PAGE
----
A parent's guide to home-schooling
Whether your child isn’t getting along at school, you’re not impressed with the curriculum, or you’ve just moved and want to keep your child in the school system they’re used to, here’s what you need to consider.
Wide social circle
Home-schooled children are often more comfortable with a variety of age groups because they're used to spending time with people other than direct peers. The late Dr Raymond Moore wrote in his book Better Late than Early: "The idea that children need to be around many other youngsters in order to be 'socialised' is perhaps the most dangerous and extravagant myth in education and child-rearing today."
"The curriculum we are using is heavily test-based, so it's easy to gauge progress. Beyond the tests, my children have bounded ahead in reading, writing and maths. My youngest is one to two years ahead of her peers in Canada because we were able to skip concepts that were easily grasped and spend one-to-one time learning the harder material. My oldest has noticeably improved her speed, accuracy and comprehension in reading. If I had known I was going to see results like this, I would have started home-schooling earlier," says Danielle MacIsaac, a Dubai-based mum of two girls age nine and five.
"Some children have a very negative experience with school, and often benefit from home-schooling so they can develop the maturity and resilience to manage socially challenging situations," says Marie De Daunton, an educational psychologist at kidsFIRST Medical Centre in Dubai (www.parentingdubai.com).
"My husband works a pretty irregular schedule," says Silvia Aldredge, a mum of three boys age 10, eight and six, in Dubai. "So if we have a midweek day where Dad wants to take them to the park to play, we can do that. We've also been able to take some terrific off-peak trips. We did a study unit on the Ottoman Empire, munching corn on the cob in an Istanbul playground."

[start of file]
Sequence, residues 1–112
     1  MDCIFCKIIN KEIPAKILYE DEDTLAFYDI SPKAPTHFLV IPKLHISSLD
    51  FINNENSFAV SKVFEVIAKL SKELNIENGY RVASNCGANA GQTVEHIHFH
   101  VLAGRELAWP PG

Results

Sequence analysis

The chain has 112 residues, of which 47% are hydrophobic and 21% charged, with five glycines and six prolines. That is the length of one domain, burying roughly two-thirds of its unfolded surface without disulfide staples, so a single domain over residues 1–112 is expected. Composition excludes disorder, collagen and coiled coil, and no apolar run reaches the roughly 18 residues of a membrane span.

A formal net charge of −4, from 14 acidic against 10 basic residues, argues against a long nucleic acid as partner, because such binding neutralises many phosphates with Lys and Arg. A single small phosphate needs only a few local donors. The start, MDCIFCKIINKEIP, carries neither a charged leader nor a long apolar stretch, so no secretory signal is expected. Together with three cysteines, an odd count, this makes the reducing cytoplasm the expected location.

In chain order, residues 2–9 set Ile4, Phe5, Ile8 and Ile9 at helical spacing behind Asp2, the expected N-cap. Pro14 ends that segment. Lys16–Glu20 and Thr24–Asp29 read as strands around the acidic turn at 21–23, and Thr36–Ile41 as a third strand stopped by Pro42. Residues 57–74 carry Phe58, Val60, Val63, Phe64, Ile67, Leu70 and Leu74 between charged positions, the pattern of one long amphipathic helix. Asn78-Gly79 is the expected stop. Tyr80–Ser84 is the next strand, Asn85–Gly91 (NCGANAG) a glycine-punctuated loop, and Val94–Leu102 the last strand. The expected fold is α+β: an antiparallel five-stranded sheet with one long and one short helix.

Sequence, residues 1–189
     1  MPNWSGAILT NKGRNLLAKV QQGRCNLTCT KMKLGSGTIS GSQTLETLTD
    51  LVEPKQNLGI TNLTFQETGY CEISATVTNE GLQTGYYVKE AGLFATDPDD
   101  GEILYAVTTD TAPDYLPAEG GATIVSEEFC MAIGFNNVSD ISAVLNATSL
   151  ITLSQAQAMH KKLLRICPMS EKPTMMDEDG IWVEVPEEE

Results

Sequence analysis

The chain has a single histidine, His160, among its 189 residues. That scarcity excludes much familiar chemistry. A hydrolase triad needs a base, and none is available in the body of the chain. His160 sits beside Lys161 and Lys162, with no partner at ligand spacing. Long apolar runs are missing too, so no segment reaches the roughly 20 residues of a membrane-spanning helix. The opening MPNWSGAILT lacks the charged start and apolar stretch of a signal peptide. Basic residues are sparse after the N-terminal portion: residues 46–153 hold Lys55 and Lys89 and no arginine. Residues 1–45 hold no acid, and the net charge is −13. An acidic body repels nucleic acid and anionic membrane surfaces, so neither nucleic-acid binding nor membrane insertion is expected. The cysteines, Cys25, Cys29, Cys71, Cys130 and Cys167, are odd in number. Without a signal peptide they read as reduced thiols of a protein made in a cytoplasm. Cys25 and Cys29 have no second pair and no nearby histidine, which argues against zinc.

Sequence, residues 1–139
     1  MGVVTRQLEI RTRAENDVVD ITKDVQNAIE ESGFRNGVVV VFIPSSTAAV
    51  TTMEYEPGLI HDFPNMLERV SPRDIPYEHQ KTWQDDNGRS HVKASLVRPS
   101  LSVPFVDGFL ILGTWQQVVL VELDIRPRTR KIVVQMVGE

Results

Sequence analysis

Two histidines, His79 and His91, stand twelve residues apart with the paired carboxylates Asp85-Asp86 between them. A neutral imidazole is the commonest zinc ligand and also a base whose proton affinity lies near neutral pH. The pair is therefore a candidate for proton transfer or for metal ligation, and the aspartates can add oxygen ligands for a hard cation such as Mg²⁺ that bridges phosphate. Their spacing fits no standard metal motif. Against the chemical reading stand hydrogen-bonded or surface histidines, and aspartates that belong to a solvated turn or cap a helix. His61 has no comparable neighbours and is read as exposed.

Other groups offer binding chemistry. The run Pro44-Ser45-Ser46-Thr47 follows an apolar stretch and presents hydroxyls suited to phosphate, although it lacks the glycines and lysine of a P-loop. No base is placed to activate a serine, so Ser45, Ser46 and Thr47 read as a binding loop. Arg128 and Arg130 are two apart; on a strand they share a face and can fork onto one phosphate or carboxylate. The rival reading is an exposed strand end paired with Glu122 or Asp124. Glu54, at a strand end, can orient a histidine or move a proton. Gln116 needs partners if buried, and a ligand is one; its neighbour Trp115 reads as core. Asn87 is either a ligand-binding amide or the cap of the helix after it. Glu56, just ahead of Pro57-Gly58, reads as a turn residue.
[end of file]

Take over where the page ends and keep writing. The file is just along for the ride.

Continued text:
No specialist teaching
"A home-schooled child does not have the opportunity to engage in cooperative learning activities, be exposed to different teaching styles, benefit from teachers who have specialist subject knowledge and partake in school social life," says De Daunton.
"In addition to patience, a parent who is home-schooling needs perseverance. Home-schooling children is a full-time job, which requires a great deal of preparation as well as direct teaching," says De Daunton. Parents may find it's a lot more work than they expected. Preparing lessons, activities and monitoring progress can be time-consuming.
No peer group
Home-schooled children don't have the opportunity to mix with peers on a day-to-day basis. However, there are a number of home-schooling associations that organise field trips and activities, such as the Dubai and Northern Emirates Home-schooling Association (www.uaehomeschool.wordpress.com).
Lack of activities on tap
"The biggest challenge is that all the activities and social life of a school need to get re-created. At one point we had karate over by the Burj Khalifa, swimming at the Meadows and a weekly meet-up at Jumeirah Beach Park. I am jealous of parents who tell me their kids can't play because they are at school doing various activities," says Aldredge.
"It takes a tremendous amount of personal sacrifice to stay at home and educate children. It means I can't have a job or develop my career and I can't work on a master's degree in my field. It's a full-time commitment and sometimes that feels limiting," admits MacIsaac.
Updated: August 7, 2012 04:00 AM